Have you ever wondered what makes great presenters great? I do, and while I don’t have the secrets to greatness, I can provide a recipe for disaster. You might not have to do all these things in the same presentation to fail miserably, but certainly if you have the discipline to do them all, only failure can possibly follow.

  1. Show up late. I imagine few things show less respect for an audience than not showing up on time. If you have problems during your presentation, they will typically be less inclined to give you the benefit of the doubt. Some will dismiss you as a bozo, and you might not enjoy that.
  2. Make lame jokes about showing up late. You might think you’re lightening the mood or injective some levity, but subconsciously, you’re probably just trying to deflect responsibility to someone or something else. If you’re late, you’re late—admit it, apologize, then move on.
  3. Prepare, a little. The less you prepare, the less likely you’ll be able to handle problems during your presentation, and the less likely your words will hang together and make sense as a whole.
  4. Assume your equipment will work. I use a Mac for my presentations, and so I usually ask the host whether I should expect any problems connecting to their projector. It is important to distinguish, “No, there will not be any problems” from “I don’t see any reason why there should be a problem.” The first indicates that previous presenters have successfully connected with their Mac, and the second indicates that no-one knows what will happen. Especially in the second case, prepare for the worst to happen.
  5. Don’t have back-up materials. When the worst happens and you can’t use your visual material, you need some kind of back-up plan, whether it’s to ignore the material entirely, draw on a whiteboard or something else.
  6. Let technical problems distract you. When your visuals fail you, it’s back to execute your back-up plan and move forward. If you let the problems distract you, then you won’t be present for your audience and they will notice. Put yourself in the frame of mind of someone that doesn’t have visual equipment at all, that way you won’t be tempted to “resume the normal program” if, by some minor miracle, things work themselves out. Concentrate on your message and do your best to present it.
  7. Try to fix technical problems while continuing to present. Even if your audience somehow doesn’t notice when you’re distracted, they will certainly notice when you half-ignore them. If you really want to solve your technical problems, excuse yourself, take the time to concentrate on fixing the problem, then fix it. If after a minute or two you have no solution, then ignore the visuals and move on. Do not, however, talk to the computer or projector as thought it were the audience. If you’re going to talk to the audience, then give them your full attention.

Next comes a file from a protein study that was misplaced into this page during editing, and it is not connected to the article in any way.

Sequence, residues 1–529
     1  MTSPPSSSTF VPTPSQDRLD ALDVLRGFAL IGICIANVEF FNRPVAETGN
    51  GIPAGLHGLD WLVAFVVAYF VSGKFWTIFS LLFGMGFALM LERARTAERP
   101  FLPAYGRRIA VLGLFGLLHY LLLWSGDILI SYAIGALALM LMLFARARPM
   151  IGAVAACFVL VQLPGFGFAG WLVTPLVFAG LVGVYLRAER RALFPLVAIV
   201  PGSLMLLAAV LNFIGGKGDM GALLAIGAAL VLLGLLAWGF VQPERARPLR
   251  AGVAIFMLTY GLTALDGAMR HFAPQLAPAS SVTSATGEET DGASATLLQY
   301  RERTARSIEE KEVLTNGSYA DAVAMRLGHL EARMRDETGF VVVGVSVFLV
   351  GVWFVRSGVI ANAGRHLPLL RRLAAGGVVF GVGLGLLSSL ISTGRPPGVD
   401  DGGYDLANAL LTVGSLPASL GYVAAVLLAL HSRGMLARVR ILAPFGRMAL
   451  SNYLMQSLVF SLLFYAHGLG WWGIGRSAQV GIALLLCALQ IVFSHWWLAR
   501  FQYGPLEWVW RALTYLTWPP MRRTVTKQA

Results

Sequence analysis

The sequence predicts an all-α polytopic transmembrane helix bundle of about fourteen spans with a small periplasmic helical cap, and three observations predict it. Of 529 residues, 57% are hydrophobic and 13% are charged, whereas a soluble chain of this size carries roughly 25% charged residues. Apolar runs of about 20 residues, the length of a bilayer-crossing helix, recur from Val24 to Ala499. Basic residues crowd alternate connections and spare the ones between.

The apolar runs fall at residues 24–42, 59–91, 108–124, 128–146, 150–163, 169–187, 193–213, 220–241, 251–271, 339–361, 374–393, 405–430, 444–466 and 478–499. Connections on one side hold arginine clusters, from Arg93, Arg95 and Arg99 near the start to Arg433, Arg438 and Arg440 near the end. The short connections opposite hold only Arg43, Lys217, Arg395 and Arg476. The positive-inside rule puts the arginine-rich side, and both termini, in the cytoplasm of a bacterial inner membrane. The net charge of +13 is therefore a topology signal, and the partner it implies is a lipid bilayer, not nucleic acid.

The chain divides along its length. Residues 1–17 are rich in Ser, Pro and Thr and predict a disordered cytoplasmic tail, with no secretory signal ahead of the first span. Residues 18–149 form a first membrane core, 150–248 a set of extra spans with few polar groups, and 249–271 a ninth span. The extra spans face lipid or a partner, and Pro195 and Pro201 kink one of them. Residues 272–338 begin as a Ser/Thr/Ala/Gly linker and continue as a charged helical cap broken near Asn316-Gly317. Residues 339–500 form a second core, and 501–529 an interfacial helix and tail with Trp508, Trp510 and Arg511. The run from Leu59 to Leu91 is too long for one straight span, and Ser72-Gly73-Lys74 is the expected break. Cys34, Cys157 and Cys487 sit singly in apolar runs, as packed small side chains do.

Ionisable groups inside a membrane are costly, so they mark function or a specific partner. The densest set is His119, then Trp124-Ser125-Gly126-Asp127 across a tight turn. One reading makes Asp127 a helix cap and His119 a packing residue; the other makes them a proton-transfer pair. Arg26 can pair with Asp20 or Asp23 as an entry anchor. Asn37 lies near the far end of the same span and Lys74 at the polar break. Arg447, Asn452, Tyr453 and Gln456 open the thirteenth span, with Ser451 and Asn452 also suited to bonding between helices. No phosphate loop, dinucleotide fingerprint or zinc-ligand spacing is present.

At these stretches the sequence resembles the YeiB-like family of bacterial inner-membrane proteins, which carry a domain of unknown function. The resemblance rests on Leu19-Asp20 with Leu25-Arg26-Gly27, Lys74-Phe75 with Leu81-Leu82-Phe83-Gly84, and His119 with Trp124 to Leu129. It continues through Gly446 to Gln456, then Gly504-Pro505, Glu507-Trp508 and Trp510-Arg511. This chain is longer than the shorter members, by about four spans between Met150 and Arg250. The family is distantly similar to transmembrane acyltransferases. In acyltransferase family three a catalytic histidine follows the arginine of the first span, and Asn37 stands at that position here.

8. Make lame jokes to cover your frustration. While I wouldn’t go so far as to say, “Never let ’em see you sweat,” being passive-aggressive in your reaction to your frustration is no good either. Your audience will understand if you’re frustrated, but they want you to get past it and say what you came to say. Making jokes to cover your frustration helps you remain distracted by it, and as I’ve already said here, that keeps your attention divided, and the audience will not appreciate that.
  9. Forget your key premise. What worse outcome from frustration could there be than forgetting your key premise? The audience has already put up with your late arrival, your inability to get over technical problems, and now you leave them wondering just what on earth you were talking about. Can it get any worse?
  10. Just give up. Your audience wants you to succeed. If you let yourself, you can almost feel them pulling for you, in spite of all the problems you’ve gone through in front of them. The audience deserves your best effort, so giving up near the end, rather than collecting yourself and getting over the finish line is a cop out. If you plan to do that, then don’t accept the next invitation to speak.

For direction and suggestions on great presenting, I heartily recommend following the advice of people like Guy Kawasaki and Garr Reynolds, as well as watching presentations from dynamic speakers like Steve Jobs.